FIG. 1 is a plan view partly in axial section of a preferred embodiment of the invention.
FIG. 2 is a view like FIG. 1 but showing the sleeve moved almost to its spider-releasing position.
FIG. 3 is a view like FIGS. 1 and 2 but showing the fastener parts in their final operative positions.
FIG. 4 is a plan view of the embedded-spring species of the expandable spider.
FIG. 5 is a plan view of a tube-positioning washer.
FIG. 6 is a schematic plan view partly in axial section showing the first assembly step.
FIG. 7 is a view like FIG. 6 showing the second assembly step.
FIG. 8 is a view like FIGS. 6 and 7 showing the final assembly step detailed in FIG. 3.
FIG. 9 is a plan view partly in axial section of a second embodiment of the invention.
FIG. 10 is a view like FIG. 9 but showing the fastener parts in their final operative positions.
FIG. 11 is a plan view partly in axial section of a third embodiment of the invention.
FIG. 12 is a view like FIG. 11 but showing the fastener parts in their final operative positions.
With reference now to FIGS. 1-8 of the drawings, the numeral 11 generally designates the fastener, which has a core structure formed of a plastic axial rod 13 with a molded-on or fastened-on enlarged conical sharply pointed hole-punching head 15. A flexibly expandable molded plastic spider 17 with 2, 3, 4 or more legs 19 is fixed on the rod or shaft 13 against the rear surface of the head 15 by a small pressed-on sleeve or nut 21. The spider 17 can possess sufficient springiness to insure its expansion when released, but it is herein shown as having embedded therein a thin steel spring spider 23 (FIG. 4) for surer expanding.
A plastic sleeve 25 having an outer diameter equal to that of the head 15 surrounds the shaft 13 and holds the spider 17 in its collapsed condition of FIGS. 1 and 2. Its length is somewhat less than the thickness of the fiber-board panel P (FIGS. 6-8). A press-on washer 27 (FIG. 5) radially notched around its shaft-receiving central aperture to form spring fingers 29 temporarily holds the parts of the fastener assembled by engaging into circular barb-like grooves 31 molded into the shaft 13. The grooves 31 also provide retaining threadlike means for mating with like barb-like rings molded in the bore of a press-on nut 33 which is made of resilient plastic material. The free end of the shaft 13 may be provided with a flattened and knurled tip 35 to facilitate handling and breaking-off the unneeded end 37 of the shaft 13 after the fastener is installed (FIGS. 3 and 8).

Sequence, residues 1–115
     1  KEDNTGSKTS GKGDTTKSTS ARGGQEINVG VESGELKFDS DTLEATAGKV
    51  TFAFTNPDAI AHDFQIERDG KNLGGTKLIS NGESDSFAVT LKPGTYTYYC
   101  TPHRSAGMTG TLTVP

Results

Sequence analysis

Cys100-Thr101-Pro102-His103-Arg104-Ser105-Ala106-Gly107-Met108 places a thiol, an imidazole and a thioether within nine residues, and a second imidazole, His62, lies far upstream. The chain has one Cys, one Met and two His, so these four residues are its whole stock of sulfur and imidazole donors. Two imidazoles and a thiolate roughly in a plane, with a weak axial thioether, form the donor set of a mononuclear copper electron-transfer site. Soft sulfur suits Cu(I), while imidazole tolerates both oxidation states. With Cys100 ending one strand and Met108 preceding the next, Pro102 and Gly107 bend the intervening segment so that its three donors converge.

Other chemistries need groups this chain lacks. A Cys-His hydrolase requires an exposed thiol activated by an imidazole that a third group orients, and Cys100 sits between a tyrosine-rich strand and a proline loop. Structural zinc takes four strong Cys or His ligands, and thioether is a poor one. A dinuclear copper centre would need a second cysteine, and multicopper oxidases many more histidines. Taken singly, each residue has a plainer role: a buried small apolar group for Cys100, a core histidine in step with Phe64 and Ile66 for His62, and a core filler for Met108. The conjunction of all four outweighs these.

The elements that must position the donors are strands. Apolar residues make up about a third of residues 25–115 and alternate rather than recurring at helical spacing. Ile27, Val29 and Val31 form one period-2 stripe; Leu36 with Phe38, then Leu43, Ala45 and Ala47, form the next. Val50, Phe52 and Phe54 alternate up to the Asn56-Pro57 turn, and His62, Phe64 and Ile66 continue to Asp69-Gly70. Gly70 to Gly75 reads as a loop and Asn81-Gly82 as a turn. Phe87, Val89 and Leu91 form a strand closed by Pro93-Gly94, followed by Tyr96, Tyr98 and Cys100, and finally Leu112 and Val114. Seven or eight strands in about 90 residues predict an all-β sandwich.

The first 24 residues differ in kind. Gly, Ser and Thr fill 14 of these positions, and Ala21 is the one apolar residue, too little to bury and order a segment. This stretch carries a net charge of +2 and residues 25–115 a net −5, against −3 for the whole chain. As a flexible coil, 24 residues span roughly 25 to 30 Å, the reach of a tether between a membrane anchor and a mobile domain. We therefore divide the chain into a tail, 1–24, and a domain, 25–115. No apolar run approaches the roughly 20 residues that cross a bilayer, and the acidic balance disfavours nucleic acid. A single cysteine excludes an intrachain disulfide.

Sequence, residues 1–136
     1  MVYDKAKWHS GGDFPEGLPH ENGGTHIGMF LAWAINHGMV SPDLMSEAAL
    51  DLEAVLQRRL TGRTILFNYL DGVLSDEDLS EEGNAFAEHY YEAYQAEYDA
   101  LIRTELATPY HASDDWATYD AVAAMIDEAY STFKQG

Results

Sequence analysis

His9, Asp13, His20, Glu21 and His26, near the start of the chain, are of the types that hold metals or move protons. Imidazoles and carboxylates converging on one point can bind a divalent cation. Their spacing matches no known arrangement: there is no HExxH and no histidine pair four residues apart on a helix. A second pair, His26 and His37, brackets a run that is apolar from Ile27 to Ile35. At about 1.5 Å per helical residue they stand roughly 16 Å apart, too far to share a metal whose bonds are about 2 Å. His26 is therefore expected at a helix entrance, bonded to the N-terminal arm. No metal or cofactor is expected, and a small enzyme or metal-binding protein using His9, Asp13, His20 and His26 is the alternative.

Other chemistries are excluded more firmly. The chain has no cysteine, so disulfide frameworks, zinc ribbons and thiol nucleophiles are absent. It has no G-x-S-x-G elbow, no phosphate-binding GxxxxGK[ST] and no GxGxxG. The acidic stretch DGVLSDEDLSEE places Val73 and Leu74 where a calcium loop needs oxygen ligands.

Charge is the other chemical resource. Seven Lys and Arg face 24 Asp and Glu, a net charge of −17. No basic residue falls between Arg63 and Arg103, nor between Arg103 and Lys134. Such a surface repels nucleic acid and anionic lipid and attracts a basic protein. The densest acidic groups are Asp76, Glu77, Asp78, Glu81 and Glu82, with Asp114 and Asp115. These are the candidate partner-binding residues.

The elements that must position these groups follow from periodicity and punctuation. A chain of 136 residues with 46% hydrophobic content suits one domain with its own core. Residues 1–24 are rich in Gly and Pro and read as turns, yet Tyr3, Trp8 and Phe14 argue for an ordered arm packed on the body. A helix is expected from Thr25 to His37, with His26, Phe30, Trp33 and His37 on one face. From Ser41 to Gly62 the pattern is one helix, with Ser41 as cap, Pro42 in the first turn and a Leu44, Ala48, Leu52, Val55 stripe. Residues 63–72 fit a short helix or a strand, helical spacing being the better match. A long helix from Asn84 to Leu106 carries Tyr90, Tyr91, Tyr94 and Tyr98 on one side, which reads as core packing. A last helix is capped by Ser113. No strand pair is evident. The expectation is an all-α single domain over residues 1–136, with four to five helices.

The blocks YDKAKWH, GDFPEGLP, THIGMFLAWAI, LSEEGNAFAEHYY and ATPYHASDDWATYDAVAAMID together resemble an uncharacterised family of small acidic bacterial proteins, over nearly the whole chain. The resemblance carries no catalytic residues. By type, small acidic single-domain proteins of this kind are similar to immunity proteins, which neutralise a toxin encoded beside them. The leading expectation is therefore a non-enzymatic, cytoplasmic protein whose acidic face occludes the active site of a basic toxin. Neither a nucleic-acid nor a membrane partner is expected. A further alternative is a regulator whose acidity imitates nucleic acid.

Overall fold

The sleeve 25 and its retainer washer 27 can be left in place or be removed before the nut 33 is slid to its final position of FIGS. 3 and 8. FIGS. 6-8 show the three successive assembling steps with the sleeve and washer left in place.
FIGS. 9 and 10 disclose a second species of the fastener, which differs from that of FIGS. 1-8 primarily (1) in the omission of the spring embedded in the spider 41, and (2) in substituting for the omitted spring a compressed coil-spring 43. The other parts of the species of FIGS. 9 and 10 which correspond to like parts in FIGS. 1-3 are designated by the same numerals primed.
In the third species of FIGS. 11 and 12, the fastener 51 has a short threaded metallic rod 53 to one end of which a hole-punching plastic head 55 is attached. A toggle-bolt-type two-arm spring-expandable anchoring member 56 (of known construction) is positioned on the metallic rod 53 as shown. The other end of the short metallic rod 53 is embedded in a barbed-ring plastic shaft 57 similar to the shaft 13 of FIGS. 1-3. A press-on resilient nut 59 like nut 33 of FIGS. 1-3 completes this third species, in which double-primed numerals indicate parts comparable to parts designated by the same unprimed numerals in FIGS. 1-6.